When checking into a hotel, you’re usually focused on your room, the restaurants, the bar and the other interiors. But in many cases, the building itself is a work of art with memorable, one-of-a-kind architecture.
Forbes Travel Guide gathered a list of unusual modern marvels spanning from South Florida to Singapore that stand out among their skylines.
At this Macau hotel, a Ferris wheel swoops around a figure 8 hoisted between two towers. The whimsical Golden Reel ride is the first of its kind in the world.
According to architect Gary Goddard, the owners wanted the design to look as though a meteor crashed through the middle of the art deco buildings. “That led to the idea of the Ferris wheel, which led to two Ferris wheels, and then we have the ‘8’ which symbolizes good luck and good fortune in Chinese culture,” Goddard previously told Forbes Travel Guide. “I think it’s so iconic [that one day] it will be featured in a movie — Batman, James Bond, Mission Impossible. It just seems made for it.”
The world’s first guitar-shaped hotel added some rock ’n’ roll to Hollywood, South Florida, when it opened in 2019. Part of the Seminole Hard Rock Hotel & Casino Hollywood complex, the 450-foot-tall structure looks like back-to-back guitars with strings.
Get the full experience at the nightly music and light show (which runs at 9 and 9:30), when LED lights transform the floor-to-ceiling glass panes of the hotel into a spectacle as brightly colored images dance across the façade. Six light beams at the top of the structure project a minimum of 20,000 feet into the sky to elongate the strings of the guitar neck, too.
It’s like the mythical city of Atlantis emerged from the Arabian Gulf and moored along the coast of Dubai. Sitting on Palm Island, the coral-colored resort features two soaring towers connected by a bridge. The design leaves an enormous spade-like keyhole in the middle that gives a glimpse of the azure water and sky beyond.
Among Atlantis’ 1,548 rooms, the Royal Bridge Suite, which spans both towers, is the most luxurious. Though, the underwater suites provide a unique experience.
Towering over Macau, Grand Lisboa’s flashy lotus-shaped building appears like it sprang up from a golden egg. The flower symbolizes the city’s heritage — it adorns the official flag that was established after Portugal handed over the former colony to China in 1999. Hong Kong architects Dennis Lau and Ng Chun Man designed the 853-foot-tall glass structure.
The lotus building particularly blooms at night, when it’s covered in blinking lights.
The undisputed star of Singapore’s skyline, Marina Bay Sands stands alone. It could be the three towers slanted at 26 degrees, a prosperous number according to feng shui. And there’s the ArtScience Museum, whose curved 10 “fingers” each host different gallery spaces, and the angled “fingertips” allow plenty of light to pour in the structure.
But Sands SkyPark steals the show. It’s perched on the 57th floor and is so large it can fit four A380 planes side by side. The SkyPark is home to the iconic rooftop pool.
Architect Renzo Piano conjured up Western Europe’s tallest building, which stretches 1,016 feet into the sky. The soaring tower dwarfs everything around it, and the cone-shaped exterior shines with 11,000 glass panels.
The hotel, the brand’s first foray in the U.K., takes up floors 34 to 52, and as you can imagine, each accommodation comes with unbeatable views from floor-to-ceiling windows. To ogle more of the London landscape, visit either GŎNG bar or the infinity pool, both on the 52nd floor.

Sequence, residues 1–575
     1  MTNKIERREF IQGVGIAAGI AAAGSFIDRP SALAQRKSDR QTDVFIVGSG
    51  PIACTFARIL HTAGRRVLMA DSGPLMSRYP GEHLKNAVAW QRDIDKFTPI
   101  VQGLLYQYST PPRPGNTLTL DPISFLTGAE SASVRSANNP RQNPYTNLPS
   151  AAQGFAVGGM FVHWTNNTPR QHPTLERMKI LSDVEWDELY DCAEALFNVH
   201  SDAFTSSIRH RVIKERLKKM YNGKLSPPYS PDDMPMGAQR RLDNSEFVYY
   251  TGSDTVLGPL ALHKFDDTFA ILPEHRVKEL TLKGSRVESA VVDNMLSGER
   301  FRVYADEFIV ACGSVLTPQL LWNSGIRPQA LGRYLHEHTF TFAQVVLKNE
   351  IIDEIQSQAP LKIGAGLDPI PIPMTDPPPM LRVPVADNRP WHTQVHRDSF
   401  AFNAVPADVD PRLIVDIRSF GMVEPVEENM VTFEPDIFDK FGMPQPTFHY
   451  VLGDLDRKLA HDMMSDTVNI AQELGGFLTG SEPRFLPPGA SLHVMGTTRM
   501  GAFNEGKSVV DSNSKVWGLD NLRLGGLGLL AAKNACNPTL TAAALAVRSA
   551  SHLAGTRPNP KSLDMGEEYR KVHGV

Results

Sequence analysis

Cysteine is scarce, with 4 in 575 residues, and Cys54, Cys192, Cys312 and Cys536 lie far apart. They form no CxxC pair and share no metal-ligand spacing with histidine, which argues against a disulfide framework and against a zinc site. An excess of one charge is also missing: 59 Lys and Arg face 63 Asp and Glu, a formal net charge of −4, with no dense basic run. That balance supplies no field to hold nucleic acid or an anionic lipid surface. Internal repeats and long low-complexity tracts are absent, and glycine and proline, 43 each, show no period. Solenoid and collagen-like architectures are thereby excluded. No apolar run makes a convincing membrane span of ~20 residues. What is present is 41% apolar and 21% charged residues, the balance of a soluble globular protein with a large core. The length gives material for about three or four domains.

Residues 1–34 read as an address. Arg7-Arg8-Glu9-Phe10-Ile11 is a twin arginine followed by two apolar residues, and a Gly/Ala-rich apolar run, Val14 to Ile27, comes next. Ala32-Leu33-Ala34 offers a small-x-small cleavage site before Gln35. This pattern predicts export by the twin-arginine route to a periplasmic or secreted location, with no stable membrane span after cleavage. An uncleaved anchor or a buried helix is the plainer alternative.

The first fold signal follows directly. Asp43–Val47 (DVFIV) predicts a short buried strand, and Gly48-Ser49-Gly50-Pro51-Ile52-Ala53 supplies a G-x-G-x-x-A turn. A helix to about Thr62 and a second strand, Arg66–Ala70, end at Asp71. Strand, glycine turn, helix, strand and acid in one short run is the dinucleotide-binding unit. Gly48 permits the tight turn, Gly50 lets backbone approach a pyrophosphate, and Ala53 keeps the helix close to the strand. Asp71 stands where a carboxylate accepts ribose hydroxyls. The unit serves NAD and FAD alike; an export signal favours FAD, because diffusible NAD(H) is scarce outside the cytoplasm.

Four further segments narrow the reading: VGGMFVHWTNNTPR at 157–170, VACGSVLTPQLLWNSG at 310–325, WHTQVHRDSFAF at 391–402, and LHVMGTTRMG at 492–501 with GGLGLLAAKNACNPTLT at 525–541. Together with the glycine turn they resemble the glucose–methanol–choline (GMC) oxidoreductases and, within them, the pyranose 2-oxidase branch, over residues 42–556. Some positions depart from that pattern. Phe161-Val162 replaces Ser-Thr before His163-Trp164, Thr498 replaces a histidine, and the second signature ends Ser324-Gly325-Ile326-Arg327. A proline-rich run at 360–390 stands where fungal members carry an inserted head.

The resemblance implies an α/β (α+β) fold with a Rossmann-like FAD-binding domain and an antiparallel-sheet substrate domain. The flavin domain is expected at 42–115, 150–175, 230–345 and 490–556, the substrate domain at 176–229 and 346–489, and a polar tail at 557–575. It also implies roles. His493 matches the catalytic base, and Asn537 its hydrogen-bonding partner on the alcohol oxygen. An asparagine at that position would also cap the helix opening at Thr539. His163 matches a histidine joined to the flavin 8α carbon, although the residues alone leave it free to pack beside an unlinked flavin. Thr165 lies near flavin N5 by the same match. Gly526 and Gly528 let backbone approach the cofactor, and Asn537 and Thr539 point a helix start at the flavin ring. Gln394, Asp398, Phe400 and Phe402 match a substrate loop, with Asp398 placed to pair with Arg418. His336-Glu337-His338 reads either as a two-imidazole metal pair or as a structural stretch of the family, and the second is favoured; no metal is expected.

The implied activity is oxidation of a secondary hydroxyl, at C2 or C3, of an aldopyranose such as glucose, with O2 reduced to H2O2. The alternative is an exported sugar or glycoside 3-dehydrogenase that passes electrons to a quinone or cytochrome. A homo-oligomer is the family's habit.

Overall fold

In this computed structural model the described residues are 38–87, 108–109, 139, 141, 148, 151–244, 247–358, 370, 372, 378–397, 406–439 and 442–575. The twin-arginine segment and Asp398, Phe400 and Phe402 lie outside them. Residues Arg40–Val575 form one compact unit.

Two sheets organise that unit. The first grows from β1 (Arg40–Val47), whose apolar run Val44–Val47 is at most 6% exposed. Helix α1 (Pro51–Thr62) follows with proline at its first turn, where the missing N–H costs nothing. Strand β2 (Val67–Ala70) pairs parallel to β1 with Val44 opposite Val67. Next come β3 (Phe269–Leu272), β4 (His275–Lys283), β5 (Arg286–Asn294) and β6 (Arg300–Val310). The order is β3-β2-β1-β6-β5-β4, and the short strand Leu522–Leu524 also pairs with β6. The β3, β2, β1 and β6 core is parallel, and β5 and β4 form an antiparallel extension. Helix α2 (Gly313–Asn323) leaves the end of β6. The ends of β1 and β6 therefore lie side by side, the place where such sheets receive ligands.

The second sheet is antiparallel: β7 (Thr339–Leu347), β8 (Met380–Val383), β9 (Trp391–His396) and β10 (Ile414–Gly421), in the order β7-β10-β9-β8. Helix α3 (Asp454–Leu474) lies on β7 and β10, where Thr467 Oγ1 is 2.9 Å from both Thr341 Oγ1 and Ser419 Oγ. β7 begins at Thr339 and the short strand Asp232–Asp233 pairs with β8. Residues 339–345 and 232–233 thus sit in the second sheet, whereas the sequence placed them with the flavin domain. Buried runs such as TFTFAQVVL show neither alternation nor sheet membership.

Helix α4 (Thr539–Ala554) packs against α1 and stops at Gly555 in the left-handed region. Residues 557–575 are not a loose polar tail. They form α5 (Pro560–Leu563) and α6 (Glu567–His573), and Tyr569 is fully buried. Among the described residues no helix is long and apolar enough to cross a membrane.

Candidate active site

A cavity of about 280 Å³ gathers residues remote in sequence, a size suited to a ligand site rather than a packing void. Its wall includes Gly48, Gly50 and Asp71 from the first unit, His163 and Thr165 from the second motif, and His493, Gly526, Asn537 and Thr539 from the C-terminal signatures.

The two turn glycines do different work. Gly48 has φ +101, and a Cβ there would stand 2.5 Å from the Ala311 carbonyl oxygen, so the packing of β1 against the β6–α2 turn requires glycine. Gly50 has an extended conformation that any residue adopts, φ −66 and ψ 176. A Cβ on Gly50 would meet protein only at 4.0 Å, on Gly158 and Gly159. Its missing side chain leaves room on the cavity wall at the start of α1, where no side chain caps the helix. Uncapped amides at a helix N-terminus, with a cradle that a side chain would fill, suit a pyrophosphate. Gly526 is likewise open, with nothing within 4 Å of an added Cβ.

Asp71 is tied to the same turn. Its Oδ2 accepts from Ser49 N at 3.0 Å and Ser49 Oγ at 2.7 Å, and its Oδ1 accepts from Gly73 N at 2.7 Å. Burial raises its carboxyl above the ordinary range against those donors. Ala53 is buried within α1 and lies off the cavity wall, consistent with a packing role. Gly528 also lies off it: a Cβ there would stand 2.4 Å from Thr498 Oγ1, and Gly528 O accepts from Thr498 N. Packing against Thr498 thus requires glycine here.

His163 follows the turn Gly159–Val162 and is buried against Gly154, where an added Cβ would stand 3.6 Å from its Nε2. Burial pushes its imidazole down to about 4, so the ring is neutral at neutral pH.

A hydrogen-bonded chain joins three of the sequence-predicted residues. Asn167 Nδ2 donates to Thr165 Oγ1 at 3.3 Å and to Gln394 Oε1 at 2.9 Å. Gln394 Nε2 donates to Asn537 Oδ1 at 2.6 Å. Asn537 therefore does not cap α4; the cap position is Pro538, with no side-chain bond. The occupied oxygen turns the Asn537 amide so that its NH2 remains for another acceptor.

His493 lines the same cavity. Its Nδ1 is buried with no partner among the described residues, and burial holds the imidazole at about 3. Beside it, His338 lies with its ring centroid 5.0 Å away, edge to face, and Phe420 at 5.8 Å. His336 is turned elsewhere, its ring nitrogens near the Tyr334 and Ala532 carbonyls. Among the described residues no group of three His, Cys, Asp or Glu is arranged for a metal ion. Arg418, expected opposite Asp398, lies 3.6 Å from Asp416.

While these sister properties reside in different areas of Macau, both have distinctive gleaming metallic facades with some nuances. Three tiers of gold, silver and bronze shimmer on MGM Macau’s 505-foot-tall exterior. The undulating layers mimic the waves of the nearby South China Sea.
Over in Taipa, MGM Cotai employs the same color scheme, but instead of waves, the building is made up of oversized jewelry boxes carefully stacked on top of each other. Go inside to see The Spectacle, a multifunctional immersive space. As the world’s largest free-span, grid-shell glass roof, it earned the first architectural and structural Guinness World Records title in Macau.
This luxurious landmark sits in the unlikeliest of places in Tokyo: a brick train station. But don’t expect drab architecture in this historic spot. A designated Important Cultural Property of Japan, the 105-year-old hotel offers accommodations with interior windows overlooking Tokyo Station’s yellow-and-white cupola domes (see the reliefs adorning them up close).
During rush hour, watch hordes commuters stream in and out of the station from above, all while in the confines of your quiet, peaceful bedroom.
You can’t miss the lofty 103-story skyscraper in the cityscape — it’s one of the world’s tallest buildings. The hotel sits in the top third of the Guangzhou International Finance Center, which was envisioned by architecture firm WilkinsonEyre.
Although you might not be able to tell at first glance, the slender structure has a triangular floorplan. When you step inside, you’ll get the dizzying full effect when you look up in the 33-story glass-coated atrium.
The out-of-this-world structure comes from the brilliance of Zaha Hadid, the first female architect to win the esteemed Pritzker Prize (her work includes Miami’s One Thousand Museum luxury condos and the Guangzhou Opera House).
Morpheus, who is the Greek god of dreams, is the world’s first free-form high-rise building with a steel exoskeleton. Loosely resembling the lucky Chinese number 8, the ultra-modern Macau hotel took inspiration from jade sculptures for its curved shapes.